Welcome to the Oxford Navigation Group

About Oxnav

Oxnav's research focuses on behavioural and ecological aspects of animal navigation and spatial cognition, using a number of different species and a variety of state-of-the-art sensor technologies. We study the contribution of individual cognitive capabilities and navigational strategies, and of the ecological, sensory, and social environments to animal movement.

We are based at the Department of ZoologyUniversity of Oxford, and are part of the Animal Behaviour Research Group.





  • Young frigatebirds learn how to compensate for wind drift.

    Wynn, J, Collet, J, Prudor, A, Corbeau, A, Padget, O, Guilford, T, Weimerskirch, H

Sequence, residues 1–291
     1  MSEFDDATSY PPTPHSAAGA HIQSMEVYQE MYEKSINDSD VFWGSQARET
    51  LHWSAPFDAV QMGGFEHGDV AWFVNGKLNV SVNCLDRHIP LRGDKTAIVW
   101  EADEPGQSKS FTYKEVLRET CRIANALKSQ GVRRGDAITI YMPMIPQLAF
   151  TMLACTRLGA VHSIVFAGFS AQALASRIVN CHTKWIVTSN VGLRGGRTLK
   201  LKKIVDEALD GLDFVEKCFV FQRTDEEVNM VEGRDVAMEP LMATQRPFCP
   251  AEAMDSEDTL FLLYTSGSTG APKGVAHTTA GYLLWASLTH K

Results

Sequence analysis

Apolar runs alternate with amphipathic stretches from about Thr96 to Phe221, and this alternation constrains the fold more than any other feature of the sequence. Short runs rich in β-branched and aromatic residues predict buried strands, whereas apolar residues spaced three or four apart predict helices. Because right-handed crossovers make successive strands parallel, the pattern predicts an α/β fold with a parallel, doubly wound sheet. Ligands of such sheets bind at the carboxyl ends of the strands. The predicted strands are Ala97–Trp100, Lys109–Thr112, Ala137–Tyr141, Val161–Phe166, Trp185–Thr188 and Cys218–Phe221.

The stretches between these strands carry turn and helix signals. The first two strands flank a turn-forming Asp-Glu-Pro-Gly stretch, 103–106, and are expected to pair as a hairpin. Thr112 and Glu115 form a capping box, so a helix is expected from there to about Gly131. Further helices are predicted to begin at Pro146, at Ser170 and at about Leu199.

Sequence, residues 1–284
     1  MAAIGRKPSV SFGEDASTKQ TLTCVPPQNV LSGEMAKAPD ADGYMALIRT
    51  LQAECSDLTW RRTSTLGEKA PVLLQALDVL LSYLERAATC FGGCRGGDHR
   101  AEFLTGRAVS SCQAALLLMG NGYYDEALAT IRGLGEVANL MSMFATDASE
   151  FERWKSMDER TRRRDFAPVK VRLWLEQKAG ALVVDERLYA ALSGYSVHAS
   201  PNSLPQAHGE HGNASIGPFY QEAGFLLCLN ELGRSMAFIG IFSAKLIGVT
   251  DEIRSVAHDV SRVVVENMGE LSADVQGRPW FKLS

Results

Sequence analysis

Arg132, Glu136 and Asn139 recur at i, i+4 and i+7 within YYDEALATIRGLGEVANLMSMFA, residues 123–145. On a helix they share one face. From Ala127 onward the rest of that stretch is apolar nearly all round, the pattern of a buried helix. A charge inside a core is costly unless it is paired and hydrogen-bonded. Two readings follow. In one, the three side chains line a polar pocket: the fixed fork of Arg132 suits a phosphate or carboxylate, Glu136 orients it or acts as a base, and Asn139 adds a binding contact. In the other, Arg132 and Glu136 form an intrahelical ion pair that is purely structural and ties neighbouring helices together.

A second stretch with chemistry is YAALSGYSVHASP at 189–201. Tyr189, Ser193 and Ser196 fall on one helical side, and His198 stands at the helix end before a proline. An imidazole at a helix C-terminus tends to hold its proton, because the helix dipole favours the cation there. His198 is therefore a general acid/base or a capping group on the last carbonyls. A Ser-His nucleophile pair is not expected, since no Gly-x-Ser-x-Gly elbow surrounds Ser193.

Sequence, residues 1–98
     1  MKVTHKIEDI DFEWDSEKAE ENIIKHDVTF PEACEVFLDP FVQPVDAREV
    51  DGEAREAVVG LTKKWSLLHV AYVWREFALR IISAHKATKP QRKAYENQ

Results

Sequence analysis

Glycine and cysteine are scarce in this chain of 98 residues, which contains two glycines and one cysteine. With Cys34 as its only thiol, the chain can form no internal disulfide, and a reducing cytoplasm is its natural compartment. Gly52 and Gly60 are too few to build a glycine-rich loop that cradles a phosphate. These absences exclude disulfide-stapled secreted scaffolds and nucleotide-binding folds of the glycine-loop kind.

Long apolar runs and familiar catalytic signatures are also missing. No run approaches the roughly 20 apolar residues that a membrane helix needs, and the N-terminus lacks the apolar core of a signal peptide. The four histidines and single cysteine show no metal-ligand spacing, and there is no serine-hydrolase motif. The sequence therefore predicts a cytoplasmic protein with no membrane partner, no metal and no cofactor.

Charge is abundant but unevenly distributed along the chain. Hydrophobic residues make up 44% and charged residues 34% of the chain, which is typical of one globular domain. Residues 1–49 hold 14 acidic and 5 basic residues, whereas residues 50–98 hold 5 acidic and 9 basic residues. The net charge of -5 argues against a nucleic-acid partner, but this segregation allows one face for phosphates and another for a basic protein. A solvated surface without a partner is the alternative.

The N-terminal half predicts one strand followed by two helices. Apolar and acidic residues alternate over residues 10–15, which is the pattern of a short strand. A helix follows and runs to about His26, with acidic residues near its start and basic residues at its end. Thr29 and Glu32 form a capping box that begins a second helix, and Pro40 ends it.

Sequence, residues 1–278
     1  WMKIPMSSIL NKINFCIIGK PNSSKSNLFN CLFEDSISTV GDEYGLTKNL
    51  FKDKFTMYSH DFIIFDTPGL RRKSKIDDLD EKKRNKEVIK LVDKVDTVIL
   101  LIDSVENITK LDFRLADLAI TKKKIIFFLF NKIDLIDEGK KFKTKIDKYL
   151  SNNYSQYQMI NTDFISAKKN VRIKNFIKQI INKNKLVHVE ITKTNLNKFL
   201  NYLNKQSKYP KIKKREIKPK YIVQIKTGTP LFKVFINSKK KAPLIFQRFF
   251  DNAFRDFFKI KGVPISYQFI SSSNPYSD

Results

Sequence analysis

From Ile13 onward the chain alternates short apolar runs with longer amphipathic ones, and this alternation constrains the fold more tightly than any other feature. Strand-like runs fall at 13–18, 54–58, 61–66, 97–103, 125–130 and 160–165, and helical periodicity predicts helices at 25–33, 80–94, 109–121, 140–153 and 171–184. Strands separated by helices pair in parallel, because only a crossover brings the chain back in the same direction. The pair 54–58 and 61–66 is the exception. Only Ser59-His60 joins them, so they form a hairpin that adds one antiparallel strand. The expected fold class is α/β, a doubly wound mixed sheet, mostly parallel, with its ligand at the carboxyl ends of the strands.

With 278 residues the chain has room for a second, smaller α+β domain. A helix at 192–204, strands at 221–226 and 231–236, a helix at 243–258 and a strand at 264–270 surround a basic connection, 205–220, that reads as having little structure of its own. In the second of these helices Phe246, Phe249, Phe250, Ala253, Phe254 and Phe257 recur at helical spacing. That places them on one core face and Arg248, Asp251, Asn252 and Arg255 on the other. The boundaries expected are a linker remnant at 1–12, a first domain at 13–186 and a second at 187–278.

• Short-term behavioural impact contrasts with long-term fitness consequences of biologging in a long-lived seabird.

    Gillies, N, Fayet, AL, Padget, O, Syposz, M, Wynn, J, Bond, S, Evry, J, Kirk, H, Shoji, A, Dean, B, Freeman, R, Guilford, T
  • Natal imprinting to the Earth's magnetic field in a pelagic seabird.

    Wynn, J, Padget, O, Mouritsen, H, Perrins, C, Guilford, T
  • Patterns of at-sea behaviour at a hybrid zone between two threatened seabirds.

    Austin, RE, Wynn, RB, Votier, SC, Trueman, C, McMinn, M, Rodríguez, A, Suberg, L, Maurice, L, Newton, J, Genovart, M, Péron, C, Grémillet, D
    et al
  • Shearwaters know the direction and distance home but fail to encode intervening obstacles after free-ranging foraging trips.

    Padget, O, Stanley, G, Willis, JK, Fayet, AL, Bond, S, Maurice, L, Shoji, A, Dean, B, Kirk, H, Juarez-Martinez, I, Freeman, R, Bolton, M
    et al
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